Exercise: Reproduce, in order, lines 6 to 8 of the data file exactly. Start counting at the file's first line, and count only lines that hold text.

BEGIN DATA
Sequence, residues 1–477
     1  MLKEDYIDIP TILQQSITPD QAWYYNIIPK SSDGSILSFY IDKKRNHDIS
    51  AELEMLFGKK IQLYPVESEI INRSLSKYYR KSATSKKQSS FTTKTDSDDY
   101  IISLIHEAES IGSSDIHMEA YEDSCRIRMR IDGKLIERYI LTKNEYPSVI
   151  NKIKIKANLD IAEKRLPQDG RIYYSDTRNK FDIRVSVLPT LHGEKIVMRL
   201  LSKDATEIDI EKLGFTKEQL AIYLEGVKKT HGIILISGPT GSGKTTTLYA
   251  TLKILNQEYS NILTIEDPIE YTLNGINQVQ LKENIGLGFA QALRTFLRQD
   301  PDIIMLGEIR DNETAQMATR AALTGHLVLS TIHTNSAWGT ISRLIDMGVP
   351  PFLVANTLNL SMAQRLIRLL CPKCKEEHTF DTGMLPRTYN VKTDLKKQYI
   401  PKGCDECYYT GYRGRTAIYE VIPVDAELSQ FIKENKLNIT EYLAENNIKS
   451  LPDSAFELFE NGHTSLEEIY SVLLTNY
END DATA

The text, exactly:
   201  LSKDATEIDI EKLGFTKEQL AIYLEGVKKT HGIILISGPT GSGKTTTLYA
   251  TLKILNQEYS NILTIEDPIE YTLNGINQVQ LKENIGLGFA QALRTFLRQD
   301  PDIIMLGEIR DNETAQMATR AALTGHLVLS TIHTNSAWGT ISRLIDMGVP